sentimental gentleman

White America and The Opinions Of Black Celebrities: Part 2,651

I was sitting in a restaurant when I heard it. A restaurant much like any other restaurant that is acutely aware of its pretentiousness. Just imagine a place where all the patrons drink Fernet Branca, quote Jaden Smith unironically, and wear sunglasses regardless of the time of day or them being inside an actual, y'know, establishment with it’s own lighting. Busy as I was by being so deeply committed to this douche-esque thoughtful critique of my environment while simultaneously glided over the implications of my character by willingly being there when it happened.

“I mean *jowl assisted chuckle* how can he say that with his millions and millions of dollars. I don’t see him going to the inner city to help any of these people he’s talking about. Just shut up and stick to football, you know.”

It doesn’t take a morphine-addicted Sherlock Holmes to deduce that he was talking about San Francisco 49ers quarterback Colin Kaepernick. Who famously remained seated during last Friday’s Star-Spangled Banner number before a preseason game. He clarified his actions by saying “I am not going to stand up to show pride in a flag for a country that oppresses black people and people of color. … There are bodies in the street and people getting paid leave and getting away with murder.” A sentiment that I wholly endorse, which in turn makes my resentment of Blake McDoucheface IV (I’m sure it’s not far from his real name.)

Much like the luggage of anyone who’s prepared a bug-out bag in case Trump is elected, there’s a lot to unpack here. I’m doing this by way of writing while stewing and replaying that statement over and over in my head. As potentially ignorant as it may sound, I didn’t have to turn around to confirm the skin complexion of the person who made a comment so stupid they must’ve brought it second hand from the trunk of Johnny Depp’s assistant. Nor did I have to have any particular insight into who they are to know that they’re probably the type to insist, laboriously, that GamerGate was about “ethics in video game journalism” or some other vinegar-based horseshit instead of a poorly-acted charade to assault people who have the gall to possess an actual vagina. So, I’m writing this in the interest of expediency and my own personal decompression.(Very counter productive for me if some random brochella jerk were to catch these hands like the Zika Virus.) So lets’s pick this stale ass turkey apart piece by piece:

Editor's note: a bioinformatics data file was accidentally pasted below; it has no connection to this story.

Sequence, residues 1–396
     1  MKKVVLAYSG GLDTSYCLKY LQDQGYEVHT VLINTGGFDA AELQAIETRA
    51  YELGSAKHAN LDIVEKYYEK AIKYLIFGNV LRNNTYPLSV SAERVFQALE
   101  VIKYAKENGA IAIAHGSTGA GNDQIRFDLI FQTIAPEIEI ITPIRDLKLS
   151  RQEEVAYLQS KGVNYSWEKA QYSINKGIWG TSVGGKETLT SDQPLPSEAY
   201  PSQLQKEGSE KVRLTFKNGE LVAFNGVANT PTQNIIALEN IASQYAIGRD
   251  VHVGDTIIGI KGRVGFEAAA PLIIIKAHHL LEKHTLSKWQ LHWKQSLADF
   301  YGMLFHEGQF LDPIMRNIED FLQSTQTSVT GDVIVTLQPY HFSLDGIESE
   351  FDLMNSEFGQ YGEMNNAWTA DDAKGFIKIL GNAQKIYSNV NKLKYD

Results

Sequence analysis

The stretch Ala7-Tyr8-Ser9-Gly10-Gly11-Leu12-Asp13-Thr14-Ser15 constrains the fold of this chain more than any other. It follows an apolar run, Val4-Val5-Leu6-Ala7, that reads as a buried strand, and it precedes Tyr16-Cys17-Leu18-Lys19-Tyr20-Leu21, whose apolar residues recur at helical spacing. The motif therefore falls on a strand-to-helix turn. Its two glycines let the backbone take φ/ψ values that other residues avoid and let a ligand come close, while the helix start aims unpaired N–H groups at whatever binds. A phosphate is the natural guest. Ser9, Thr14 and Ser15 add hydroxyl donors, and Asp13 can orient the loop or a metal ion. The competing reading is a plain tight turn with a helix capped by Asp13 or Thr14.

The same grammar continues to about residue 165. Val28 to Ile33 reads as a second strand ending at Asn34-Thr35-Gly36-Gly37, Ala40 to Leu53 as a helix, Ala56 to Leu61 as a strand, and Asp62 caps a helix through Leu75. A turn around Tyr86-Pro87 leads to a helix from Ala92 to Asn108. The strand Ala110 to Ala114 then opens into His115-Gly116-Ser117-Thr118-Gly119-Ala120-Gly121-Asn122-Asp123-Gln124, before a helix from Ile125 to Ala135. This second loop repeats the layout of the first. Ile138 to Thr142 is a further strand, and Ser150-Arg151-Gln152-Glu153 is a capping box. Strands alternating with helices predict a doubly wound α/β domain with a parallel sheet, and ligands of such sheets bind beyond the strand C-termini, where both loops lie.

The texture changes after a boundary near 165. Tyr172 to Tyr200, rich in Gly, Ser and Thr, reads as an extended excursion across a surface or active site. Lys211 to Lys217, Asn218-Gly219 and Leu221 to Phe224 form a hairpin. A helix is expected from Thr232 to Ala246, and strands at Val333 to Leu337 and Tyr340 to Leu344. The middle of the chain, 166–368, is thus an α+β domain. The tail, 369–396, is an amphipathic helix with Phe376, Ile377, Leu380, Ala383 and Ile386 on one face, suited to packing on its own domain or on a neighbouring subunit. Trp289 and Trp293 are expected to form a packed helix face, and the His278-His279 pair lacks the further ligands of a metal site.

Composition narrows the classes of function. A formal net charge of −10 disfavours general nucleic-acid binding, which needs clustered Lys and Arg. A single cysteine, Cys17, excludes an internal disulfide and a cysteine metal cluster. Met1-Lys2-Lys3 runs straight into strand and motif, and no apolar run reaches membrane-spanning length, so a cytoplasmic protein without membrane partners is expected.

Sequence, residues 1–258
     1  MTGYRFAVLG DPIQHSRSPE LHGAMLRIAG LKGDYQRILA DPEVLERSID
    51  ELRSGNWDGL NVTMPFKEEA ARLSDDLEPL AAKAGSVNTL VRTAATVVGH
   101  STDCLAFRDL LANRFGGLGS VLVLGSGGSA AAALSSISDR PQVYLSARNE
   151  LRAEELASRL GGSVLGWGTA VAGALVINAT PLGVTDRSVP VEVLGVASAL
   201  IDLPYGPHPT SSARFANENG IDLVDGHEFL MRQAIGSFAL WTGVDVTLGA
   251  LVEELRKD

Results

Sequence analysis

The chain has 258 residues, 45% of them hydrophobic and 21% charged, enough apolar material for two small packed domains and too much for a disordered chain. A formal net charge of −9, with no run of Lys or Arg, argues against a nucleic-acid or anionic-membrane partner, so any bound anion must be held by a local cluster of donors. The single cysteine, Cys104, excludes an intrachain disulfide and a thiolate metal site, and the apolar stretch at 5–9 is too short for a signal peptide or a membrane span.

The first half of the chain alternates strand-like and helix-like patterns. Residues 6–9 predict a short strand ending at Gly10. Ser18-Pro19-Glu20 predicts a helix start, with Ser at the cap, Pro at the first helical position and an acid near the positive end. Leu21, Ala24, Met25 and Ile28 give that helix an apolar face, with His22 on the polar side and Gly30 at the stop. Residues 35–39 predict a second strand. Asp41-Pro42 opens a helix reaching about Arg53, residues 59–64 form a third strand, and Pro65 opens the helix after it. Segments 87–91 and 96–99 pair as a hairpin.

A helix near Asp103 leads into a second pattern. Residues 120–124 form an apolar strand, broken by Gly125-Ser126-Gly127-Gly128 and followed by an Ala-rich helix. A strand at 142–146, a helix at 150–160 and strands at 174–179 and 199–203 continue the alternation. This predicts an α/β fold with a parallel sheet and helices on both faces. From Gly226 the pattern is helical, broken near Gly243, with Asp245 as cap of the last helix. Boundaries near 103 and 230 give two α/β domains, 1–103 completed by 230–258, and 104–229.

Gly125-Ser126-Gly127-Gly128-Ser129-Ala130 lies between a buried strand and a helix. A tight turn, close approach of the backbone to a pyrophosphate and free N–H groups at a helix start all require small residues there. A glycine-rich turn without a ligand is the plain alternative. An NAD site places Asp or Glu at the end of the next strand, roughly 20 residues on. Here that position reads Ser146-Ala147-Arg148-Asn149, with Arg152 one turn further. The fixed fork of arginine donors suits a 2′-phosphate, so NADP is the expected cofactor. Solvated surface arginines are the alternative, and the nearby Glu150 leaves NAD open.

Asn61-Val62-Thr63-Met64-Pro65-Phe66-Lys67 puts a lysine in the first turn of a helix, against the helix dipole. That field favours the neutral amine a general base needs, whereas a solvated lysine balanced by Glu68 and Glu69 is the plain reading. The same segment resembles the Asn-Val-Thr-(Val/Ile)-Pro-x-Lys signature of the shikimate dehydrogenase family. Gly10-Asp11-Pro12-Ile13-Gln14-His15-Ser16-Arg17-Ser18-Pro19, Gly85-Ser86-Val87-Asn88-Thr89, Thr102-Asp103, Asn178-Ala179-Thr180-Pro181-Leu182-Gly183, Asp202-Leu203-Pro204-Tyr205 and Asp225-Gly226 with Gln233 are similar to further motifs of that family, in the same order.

• If the basic movement of your mouth and jaw is wholly dependent on the rolls of fat you have stored there like newspapers on A&E’s Hoarders, then maybe you shouldn’t be so critical of someone exercising their, peaceful yet deafening, freedom of expression. After all, you’ve expressed your, peaceful yet deafening, freedom to abstain from having a neck that doesn’t look like a belly in it’s third-trimester of pregnancy with ballpark franks.
  • Where on the conventional metric of financial success does someone lose the right to speak about injustice? Is it somewhere between “I Shop At Whole Foods” and “Yes, I Do Own A Bidet. Why Do You Ask?”. I really want to know, because the subtext in someone contending that his millions somehow makes him immune/oblivious to structural racism is dumber than the entire concept of ass to mouth. One could argue that, because of his status and the large platform by which he has to speak, he has a moral obligation to call out breaches of integrity concerning law enforcement. Especially in regards to people who live in communities so unfairly targeted that the frickin’ Department of Justice basically had to step in and stop cops from treating Baltimore citizens like dark-skinned black men treat women in Tyler Perry movies. No one would be talking about Colin Kaepernick, the Ikea Sales Associate. No one would give a roasted fuck if Colin Kaepernick, Google Fiber Representative, said this in between annoyingly enthusiastic sales pitches for faster-than-ever Internet. Say what you will about the societal implications, but his fame and fortune grant him a bigger voice than the rest of us.